Holiday dreams at the Palladium

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By Zach Manges

Anderson

Anderson

Jessamyn Anderson, a Carmel native and senior at Indiana University student, will perform this week in Carmel.

Kids from 1 to 92 looking to stock up early on holiday cheer can catch the Indiana Wind Symphony’s “Holiday Dreams” concert in the Palladium at 7:30 p.m., Dec. 6.

“There will be a lot of familiar Christmas and other holiday songs, as well as a couple that probably aren’t really familiar to most,” conductor Charles Conrad said.

Conrad founded the 75-piece Indiana Wind Symphony in 1997 with two decades of conducting experience already under his belt. Since then the ensemble has been performing six concerts a year, including this annual holiday celebration. Even veteran patrons of the event can expect a few surprises this year, though.

“This’ll be the first time we’ve had a visit from Mr. and Mrs. Claus. They’ll be performing ‘Twas the Night Before Christmas’ and leading an audience sing-along,” Conrad said. “We’re also introducing the world premiere of a new piece called ‘Winds from the Heartland’ by Les Taylor.”

As if residents needed another reason to attend, soprano soloist Anderson will mark her fourth appearance with the symphony this year. Anderson, who was singing before she could speak, is a seasoned participant in musical theater and is training classically at the Jacobs School of Music.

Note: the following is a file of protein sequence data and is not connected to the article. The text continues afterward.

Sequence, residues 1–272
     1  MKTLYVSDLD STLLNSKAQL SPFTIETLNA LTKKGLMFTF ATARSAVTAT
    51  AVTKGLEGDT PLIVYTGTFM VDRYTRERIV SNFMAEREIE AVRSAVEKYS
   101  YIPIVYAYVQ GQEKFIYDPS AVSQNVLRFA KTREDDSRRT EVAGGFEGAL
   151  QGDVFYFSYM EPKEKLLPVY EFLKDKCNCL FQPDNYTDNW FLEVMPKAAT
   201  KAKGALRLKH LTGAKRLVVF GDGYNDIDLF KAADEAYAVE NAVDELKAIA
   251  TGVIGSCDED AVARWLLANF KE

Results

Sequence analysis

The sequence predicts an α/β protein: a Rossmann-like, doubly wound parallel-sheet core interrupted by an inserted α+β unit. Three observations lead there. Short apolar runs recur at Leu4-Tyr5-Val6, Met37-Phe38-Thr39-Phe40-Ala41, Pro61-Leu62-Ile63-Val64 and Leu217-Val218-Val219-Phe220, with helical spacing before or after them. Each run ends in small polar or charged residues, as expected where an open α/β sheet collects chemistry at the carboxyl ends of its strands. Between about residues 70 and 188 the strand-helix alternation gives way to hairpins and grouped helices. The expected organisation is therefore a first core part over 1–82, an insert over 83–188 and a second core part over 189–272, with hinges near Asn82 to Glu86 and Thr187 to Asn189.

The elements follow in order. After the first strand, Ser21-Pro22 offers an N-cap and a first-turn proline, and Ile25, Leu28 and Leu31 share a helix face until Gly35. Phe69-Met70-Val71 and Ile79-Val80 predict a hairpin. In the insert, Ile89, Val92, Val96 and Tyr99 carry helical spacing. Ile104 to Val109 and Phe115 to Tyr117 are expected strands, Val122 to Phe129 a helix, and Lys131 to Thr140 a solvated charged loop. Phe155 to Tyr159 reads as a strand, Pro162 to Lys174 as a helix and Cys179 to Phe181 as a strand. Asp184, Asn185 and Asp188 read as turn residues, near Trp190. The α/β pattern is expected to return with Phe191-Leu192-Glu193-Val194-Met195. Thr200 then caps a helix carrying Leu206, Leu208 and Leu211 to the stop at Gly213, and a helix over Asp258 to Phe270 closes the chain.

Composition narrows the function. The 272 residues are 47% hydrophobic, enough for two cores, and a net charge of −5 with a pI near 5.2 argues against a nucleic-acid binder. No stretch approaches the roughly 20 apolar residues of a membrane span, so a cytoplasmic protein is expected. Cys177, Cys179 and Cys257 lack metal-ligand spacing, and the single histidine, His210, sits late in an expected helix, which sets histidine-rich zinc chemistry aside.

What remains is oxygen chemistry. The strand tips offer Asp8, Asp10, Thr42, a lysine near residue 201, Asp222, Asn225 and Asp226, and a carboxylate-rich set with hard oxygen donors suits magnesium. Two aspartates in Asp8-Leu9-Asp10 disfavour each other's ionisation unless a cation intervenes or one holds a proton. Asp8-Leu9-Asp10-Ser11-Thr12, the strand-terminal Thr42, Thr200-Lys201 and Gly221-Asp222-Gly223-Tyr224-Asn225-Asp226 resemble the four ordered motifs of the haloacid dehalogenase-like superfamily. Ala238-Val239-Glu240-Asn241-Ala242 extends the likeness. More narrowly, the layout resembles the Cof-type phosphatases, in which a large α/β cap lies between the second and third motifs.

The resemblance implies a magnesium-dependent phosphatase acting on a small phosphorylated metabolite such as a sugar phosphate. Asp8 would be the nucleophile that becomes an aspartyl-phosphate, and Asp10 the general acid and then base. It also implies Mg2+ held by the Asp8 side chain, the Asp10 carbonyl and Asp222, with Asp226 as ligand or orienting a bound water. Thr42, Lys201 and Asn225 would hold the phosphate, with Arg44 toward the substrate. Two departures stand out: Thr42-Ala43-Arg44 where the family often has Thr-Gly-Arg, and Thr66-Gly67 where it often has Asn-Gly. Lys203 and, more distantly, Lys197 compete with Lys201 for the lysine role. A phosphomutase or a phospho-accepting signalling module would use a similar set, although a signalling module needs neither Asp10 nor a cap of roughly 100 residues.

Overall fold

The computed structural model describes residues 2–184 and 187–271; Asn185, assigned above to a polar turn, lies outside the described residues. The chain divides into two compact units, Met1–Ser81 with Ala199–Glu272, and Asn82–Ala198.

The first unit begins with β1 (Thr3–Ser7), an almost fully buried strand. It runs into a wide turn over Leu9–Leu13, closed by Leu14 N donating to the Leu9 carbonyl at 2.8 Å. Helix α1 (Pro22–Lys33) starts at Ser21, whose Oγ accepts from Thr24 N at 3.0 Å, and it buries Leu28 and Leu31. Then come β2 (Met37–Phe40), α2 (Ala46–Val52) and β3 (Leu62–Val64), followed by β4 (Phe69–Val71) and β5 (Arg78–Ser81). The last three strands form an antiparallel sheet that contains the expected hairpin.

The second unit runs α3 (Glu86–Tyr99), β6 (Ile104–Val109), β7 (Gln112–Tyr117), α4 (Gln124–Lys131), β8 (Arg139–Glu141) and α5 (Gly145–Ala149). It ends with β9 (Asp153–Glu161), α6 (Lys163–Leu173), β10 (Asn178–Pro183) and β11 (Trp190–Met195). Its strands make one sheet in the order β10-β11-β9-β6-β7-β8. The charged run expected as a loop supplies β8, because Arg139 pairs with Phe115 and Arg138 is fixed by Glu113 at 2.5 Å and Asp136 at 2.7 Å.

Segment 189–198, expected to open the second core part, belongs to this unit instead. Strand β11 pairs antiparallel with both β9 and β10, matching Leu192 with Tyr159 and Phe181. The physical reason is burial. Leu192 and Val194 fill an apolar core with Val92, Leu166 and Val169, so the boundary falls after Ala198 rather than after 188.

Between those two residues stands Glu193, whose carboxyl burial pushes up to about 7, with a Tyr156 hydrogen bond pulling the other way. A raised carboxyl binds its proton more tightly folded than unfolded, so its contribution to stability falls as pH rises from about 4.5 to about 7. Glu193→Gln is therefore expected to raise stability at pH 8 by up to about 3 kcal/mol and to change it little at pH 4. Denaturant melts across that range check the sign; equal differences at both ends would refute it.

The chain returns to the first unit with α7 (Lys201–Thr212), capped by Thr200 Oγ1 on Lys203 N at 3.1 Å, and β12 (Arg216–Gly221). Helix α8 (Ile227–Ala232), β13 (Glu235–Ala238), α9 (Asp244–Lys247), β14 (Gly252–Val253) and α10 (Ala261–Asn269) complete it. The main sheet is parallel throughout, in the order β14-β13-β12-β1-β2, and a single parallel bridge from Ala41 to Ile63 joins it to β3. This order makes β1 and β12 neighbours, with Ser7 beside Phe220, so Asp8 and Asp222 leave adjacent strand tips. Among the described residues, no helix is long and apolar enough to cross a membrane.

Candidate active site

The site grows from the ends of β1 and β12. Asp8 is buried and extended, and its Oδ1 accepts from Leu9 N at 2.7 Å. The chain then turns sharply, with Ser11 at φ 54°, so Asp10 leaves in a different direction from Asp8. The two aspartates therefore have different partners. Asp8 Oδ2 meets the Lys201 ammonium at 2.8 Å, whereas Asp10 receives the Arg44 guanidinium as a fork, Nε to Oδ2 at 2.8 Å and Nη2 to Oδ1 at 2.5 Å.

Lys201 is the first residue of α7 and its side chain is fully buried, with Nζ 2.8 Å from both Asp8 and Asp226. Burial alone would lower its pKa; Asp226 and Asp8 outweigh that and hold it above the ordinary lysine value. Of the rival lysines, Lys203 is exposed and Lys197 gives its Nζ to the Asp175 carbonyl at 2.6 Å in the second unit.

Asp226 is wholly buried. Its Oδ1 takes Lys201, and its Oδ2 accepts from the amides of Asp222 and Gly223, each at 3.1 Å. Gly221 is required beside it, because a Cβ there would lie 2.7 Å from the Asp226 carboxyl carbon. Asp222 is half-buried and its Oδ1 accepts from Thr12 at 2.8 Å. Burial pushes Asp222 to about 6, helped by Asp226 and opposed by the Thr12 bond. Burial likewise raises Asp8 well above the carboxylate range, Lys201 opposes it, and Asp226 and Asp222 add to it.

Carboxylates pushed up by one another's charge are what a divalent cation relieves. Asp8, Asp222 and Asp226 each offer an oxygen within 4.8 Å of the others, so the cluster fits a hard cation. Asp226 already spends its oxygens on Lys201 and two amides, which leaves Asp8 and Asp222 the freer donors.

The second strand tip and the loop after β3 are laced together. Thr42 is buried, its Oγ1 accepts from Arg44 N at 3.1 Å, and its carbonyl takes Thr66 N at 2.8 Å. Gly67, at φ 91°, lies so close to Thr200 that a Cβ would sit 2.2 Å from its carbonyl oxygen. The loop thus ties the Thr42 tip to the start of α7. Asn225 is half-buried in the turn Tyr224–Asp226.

“I have loved all my concerts with the IWS, but the holiday concert program is filled with music that brings out something special in an audience,” said Anderson.

Concert goers are in store for an eclectic medley. In addition to the never-before-heard song, the set list is comprised of old Yuletide standbys like “White Christmas” and “O Holy Night,” the classical Fauré aria “Pie Jesu,” as well as selections from Disney’s 2013 hit “Frozen,” which should delight younger audience members in particular.

“This concert is such a fantastic way to kick off the holiday season. The IWS is an incredible ensemble and they work extremely hard to put on beautiful concerts,” Anderson said. “So much of this music holds a special place in people’s heart, and the audience members have different memories associated with these pieces. It’s truly magical to sing holiday music for an audience that can connect to it on a personal level.”


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